A self-described "unapologetic conservative" whose campaign ran an eyebrow-raising ad that said he could use his own pickup truck to "round up criminal illegals," Kemp rode a national wave of voter contempt for the establishment in favor of bare-knuckled outsider politics.
He now faces Democrat Stacey Abrams, who could become the country's first black female governor, in a race that will test Democrats' assertion that changing demographics have turned the Republican stronghold into a swing state.
Kemp thanked supporters at a party in his hometown of Athens, Georgia, on Tuesday night and said he had won a "clear, convincing victory." He credited the White House's backing for sealing his win. "They poured gasoline in the fire and fueled the Kemp surge to victory," Kemp said.
Kemp portrayed the race against Abrams as a battle with the "radical left" as Georgia's future hangs in the balance. "Do you want a governor who is going to answer to Nancy Pelosi and Hillary Clinton?" he asked.
Abrams tweeted her reaction to Kemp's win Tuesday, saying "Tonight, I have an opponent: Kemp. The race for #GAGov may change, but our values never will. Service, faith & family guide our vision for GA: Affordable health care. Excellent public schools for every child. An economy that works for all."
"Stand with us," she wrote, followed by a link to a fundraising page.
Kemp beat once heavily-favored Lt. Gov. Casey Cagle, who outraised Kemp more than 2-to-1 and had a Rolodex of endorsements from establishment Republicans in the state including Gov. Nathan Deal.
In a tweeted endorsement last week, President Donald Trump pointed to Kemp's tough stance on illegal immigration and strong support for gun rights. With days left in the race, Vice President Mike Pence also stumped for Kemp on the campaign trail. Both reiterated their support for Kemp in tweets Tuesday.
Kemp's victory is likely to embolden Trump to become even more engaged in shaping the Republican Party in the final months of the primary season. And it is another election success for a Trump-approved candidate, following victories by Katie Arrington in South Carolina and Martha Roby in Alabama.
Nichole Jacobs went to Sandy Springs Christian Church to vote Tuesday for Kemp, citing his stance on immigration. Jacobs sends both her children to private schools, and feels her affluent Atlanta suburb is overrun with "illegal immigration."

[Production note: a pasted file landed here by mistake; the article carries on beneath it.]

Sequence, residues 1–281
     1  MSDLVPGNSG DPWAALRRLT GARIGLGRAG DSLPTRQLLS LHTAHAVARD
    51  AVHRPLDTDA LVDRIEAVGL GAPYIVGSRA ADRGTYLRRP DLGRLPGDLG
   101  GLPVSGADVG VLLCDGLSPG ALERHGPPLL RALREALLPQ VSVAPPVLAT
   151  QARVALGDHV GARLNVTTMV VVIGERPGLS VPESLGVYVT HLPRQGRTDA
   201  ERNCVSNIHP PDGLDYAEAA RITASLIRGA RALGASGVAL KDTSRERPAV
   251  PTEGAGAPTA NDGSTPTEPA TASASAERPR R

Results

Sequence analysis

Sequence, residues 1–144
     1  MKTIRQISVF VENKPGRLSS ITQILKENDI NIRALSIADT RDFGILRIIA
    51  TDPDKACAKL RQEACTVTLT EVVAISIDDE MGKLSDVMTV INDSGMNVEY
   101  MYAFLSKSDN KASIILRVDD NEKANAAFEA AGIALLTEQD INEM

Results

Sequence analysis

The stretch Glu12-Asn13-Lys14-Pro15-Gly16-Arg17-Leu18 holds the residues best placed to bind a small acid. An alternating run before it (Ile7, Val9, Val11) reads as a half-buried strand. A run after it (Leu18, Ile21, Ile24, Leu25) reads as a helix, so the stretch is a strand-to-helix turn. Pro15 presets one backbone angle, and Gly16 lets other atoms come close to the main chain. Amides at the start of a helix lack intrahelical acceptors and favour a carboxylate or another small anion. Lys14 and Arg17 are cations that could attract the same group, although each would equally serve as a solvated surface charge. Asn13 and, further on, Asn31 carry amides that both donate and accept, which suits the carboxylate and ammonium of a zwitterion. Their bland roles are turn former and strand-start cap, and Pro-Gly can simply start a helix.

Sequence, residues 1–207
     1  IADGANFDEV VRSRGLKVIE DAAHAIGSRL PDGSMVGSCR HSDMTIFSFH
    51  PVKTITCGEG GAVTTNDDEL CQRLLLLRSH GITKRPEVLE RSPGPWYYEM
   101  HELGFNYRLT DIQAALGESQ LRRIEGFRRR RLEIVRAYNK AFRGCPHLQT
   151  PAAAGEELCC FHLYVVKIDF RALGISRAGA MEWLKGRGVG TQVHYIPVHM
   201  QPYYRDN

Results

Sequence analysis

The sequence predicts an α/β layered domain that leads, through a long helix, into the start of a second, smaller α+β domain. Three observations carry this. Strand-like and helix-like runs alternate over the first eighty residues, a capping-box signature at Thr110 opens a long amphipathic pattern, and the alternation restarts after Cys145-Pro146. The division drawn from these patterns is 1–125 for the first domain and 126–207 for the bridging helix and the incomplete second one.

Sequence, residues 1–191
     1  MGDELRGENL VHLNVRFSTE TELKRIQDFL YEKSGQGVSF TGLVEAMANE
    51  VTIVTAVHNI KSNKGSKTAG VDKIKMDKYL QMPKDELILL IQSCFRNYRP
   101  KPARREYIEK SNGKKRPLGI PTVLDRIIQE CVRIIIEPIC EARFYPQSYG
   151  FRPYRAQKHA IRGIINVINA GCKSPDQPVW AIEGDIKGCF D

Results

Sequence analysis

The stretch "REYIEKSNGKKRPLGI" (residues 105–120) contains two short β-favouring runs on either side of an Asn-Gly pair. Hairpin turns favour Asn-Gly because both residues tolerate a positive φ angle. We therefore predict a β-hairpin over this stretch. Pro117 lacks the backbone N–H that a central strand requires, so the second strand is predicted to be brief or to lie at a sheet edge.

"People are moving out of Sandy Springs to get into a better school district or putting their kids in private schools," Jacobs said.
Cagle began to lose ground after the release of a secret recording in June in which he says he helped pass a "bad public-policy" bill for political gain. The recording was made without Cagle's knowledge during a private conversation with former GOP gubernatorial rival Clay Tippins, who last week endorsed Kemp.
"Trump is a very powerful man," Cagle told watch party attendees Tuesday night in Atlanta after conceding to Kemp. He pumped his fist in the air, saying he put his best foot forward in the race as he congratulated Kemp.
"We have to rally behind him, so he can before the next governor of the state of Georgia," Cagle said of Kemp. "He is a person who is undeniably ready to lead this state. We have to rally behind him."
But Keenan Rogers, a 25-year-old Cagle supporter, was not yet convinced. He said he is leaning toward voting for Abrams over Kemp, but hasn't come to a decision yet.
"My knee-jerk reaction is to vote for Stacey Abrams," Rogers said, but added that he wanted to do more research on both candidates. "She might be a step forward for millennials ... But right now, I'm a little apprehensive."
Kemp had received widespread criticism — and national headlines — with television ads in which he pretends to intimidate a young man interested in his daughter with a shotgun and says he has a big pickup truck "just in case I need to round up criminal illegals and take 'em home myself."
Kemp's opponents also hammered his record of securing voter data as secretary of state, in a line of attack likely to become a refrain for Abrams during the general election.
Cagle labeled Kemp "inKempetent," pointing to a 2015 incident in which Kemp's office inadvertently released Social Security numbers and other identifying information of millions of Georgia voters on disks sent to members of the media and political parties.
Kemp said a member of his staff was responsible for the error, that person was fired, and procedures were changed.
Kemp's office made headlines again last year after security experts disclosed a gaping security hole that wasn't fixed until six months after it was first reported to election authorities. Personal data was again exposed for Georgia's 6.7 million voters, as were passwords used by county officials to access files.
Kemp spokeswoman Candice Broce laid the blame squarely on Kennesaw State University, which had a contract to manage the system. "It was not our system. It was not our equipment. It was not our network," Broce said.
In the race ahead, Democrats point to a Georgia electorate that has become more urban and less white in recent decades as a sign they may be able to break the GOP winning streak for statewide office. Abrams already has star power, having garnered national attention when she won more than 76 percent of Democratic votes in her May 22 primary.